Friday, February 26, 2016

EU Passes Arms Embargo Resolution Over Saudi War in Yemen

There's a positive new development in the Yemen War that could move the conflict closer towards peace. The European Union has passed an arms embargo resolution against Saudi Arabia, which began bombing Yemen in early 2015. Notably, this measure does not technically compel member states of the EU to act, but it is a step in that direction. 

Currently, the War in Yemen is one of the most severe, and least discussed, humanitarian crises in the world. The Saudi-led bombing and blockade, has led thousands of deaths and it is estimated that 81% or 21.2 million Yemenis are in need of humanitarian assistance. Saudi Arabia initially intervened in Yemen in an attempt to reinstall the former dictator/president, after he was removed from office by a successful armed rebellion. The leaders of the rebel movement are known as the Houthis, which subscribe to a form of Shia Islam. Because Iran's leadership is also primarily Shia, Saudi Arabia, and many American hawks, have attempted to blame Iran for the Houthi uprising. But there's little to no evidence of significant links between the two.

Although the toll of the bombing in Yemen has been substantial, the military progress of the Saudi campaign seems to have largely stalemated. The Houthis still hold the capital of Sana'a and many other areas, This lack of progress, combined with the backing of the US and UK, seemed to suggest the bombing would continue for many months to come. The new embargo has at least a chance of cutting that timeframe short.

Prospects for Success
This embargo resolution from the EU is one of the first instances of criticism on this war from the international community. Previously, human rights groups have written reports about the catastrophe. But since it hasn't been in any major nation's interest to threaten Saudi Arabia over Yemen, these reports have basically fallen on deaf ears.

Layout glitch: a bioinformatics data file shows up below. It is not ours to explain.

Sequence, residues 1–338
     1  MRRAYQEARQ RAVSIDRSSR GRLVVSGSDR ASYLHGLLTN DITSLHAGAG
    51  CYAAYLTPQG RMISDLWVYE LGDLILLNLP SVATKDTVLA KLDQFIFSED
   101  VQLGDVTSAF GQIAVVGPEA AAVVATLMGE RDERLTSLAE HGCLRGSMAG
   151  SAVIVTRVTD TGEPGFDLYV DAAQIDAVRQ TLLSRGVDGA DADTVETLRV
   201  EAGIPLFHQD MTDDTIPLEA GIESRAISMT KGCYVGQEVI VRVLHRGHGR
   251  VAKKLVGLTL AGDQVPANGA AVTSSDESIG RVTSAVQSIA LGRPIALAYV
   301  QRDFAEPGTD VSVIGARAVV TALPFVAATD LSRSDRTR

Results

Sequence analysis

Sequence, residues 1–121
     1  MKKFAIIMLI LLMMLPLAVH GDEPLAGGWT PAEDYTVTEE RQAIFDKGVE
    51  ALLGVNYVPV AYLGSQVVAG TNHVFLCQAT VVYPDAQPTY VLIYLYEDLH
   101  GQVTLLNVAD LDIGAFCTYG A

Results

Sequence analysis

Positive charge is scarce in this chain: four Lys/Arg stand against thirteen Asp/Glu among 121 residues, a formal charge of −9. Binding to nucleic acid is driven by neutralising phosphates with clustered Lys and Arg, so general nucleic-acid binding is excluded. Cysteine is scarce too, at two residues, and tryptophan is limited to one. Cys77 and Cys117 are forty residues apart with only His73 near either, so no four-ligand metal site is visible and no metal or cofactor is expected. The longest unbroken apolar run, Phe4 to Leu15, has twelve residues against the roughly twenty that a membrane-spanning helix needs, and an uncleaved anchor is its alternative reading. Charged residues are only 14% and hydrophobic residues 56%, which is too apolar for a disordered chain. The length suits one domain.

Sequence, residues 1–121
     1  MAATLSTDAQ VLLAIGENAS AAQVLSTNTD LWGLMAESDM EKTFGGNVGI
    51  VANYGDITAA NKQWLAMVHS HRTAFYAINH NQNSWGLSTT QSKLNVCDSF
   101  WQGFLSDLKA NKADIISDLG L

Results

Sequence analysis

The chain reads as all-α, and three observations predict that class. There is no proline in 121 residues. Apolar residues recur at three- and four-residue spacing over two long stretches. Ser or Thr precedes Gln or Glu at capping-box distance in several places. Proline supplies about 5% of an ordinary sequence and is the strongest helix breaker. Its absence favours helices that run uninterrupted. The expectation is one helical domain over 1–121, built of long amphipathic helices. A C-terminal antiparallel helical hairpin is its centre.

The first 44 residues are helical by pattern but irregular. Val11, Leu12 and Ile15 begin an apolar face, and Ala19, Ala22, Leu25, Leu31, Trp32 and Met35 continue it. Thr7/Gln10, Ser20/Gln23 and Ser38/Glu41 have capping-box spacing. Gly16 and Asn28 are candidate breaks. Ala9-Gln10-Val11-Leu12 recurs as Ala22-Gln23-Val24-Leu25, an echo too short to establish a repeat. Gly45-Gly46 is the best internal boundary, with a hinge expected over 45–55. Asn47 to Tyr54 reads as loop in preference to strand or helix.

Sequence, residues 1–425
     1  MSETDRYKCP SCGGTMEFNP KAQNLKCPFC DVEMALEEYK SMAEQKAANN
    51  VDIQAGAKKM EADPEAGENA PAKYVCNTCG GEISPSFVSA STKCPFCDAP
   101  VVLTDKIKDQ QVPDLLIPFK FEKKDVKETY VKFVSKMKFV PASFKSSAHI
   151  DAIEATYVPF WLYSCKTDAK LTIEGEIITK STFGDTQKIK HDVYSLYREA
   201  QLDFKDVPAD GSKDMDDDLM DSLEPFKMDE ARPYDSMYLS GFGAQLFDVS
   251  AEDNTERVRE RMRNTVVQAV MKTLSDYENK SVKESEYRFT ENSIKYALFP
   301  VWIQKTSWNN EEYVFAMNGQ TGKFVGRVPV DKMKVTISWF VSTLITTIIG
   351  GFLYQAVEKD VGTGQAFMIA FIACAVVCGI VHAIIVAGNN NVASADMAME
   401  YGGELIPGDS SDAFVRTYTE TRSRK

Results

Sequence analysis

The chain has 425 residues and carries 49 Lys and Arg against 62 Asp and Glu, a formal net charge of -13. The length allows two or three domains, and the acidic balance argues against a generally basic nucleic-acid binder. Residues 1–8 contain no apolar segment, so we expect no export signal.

Meanwhile, the US has been supporting the Saudi policy on Yemen, and has been reluctant to criticize its longtime ally. Many commentators view our acceptance of the Yemen War as an attempt to rebuild the relationship with Saudi after the Iran Deal negotiations. Readers will recall that Saudi sees Iran as a regional rival and thus was sharply opposed to any move towards normalized relations between Iran and the rest of the world. Put another way, the US made peace with our ex (Iran) and Saudi Arabia got jealous; so we're helping them bomb a random third country to make it up to them. If that doesn't make much sense to you, you're not alone.

Of course, it's important to acknowledge that sanctions and embargoes tend to be highly ineffective tools for changing policies. The evidence for this can be found in virtually any recent conflict. Sanctions against Iraq in the 90's got a lot of innocent people killed, but it did not change Saddam Hussein's policies. Similarly, sanctions against Iran over its nuclear energy program did not stop it from dramatically expanding its (safeguarded) uranium enrichment capacity. So, it's clearly reasonable to question why this latest embargo should be a cause for optimism at all.

In our view, there are two key differences. First, Saudi Arabia is actively involved in an aggressive military conflict right now (while the countries above were not). And second, Saudi's armed forces are intensely dependent on foreign allies to supply weapons and expertise, especially the US and UK. Saudi Arabia has little in the way of a domestic defense industry. So if the foreign supply of weapons can be cut off, it has a chance to almost end the war by default. The embargo against Saudi Arabia doesn't need to influence the political decisions of Saudi Arabia. Rather, it just needs to deprive them of the ammunition needed to continue the bombing. That is a much easier task. And it's why this embargo has a higher chance of success than its predecessors.

We'll have to wait and see how many EU countries ultimately honor the call for an arms embargo with Saudi Arabia, and the UK's decision is the most important of all. But it is undeniably good news that Saudi's Yemen policy is receiving the criticism it deserves from international institutions. Hopefully, this will prove to be the first step towards ending the conflict.

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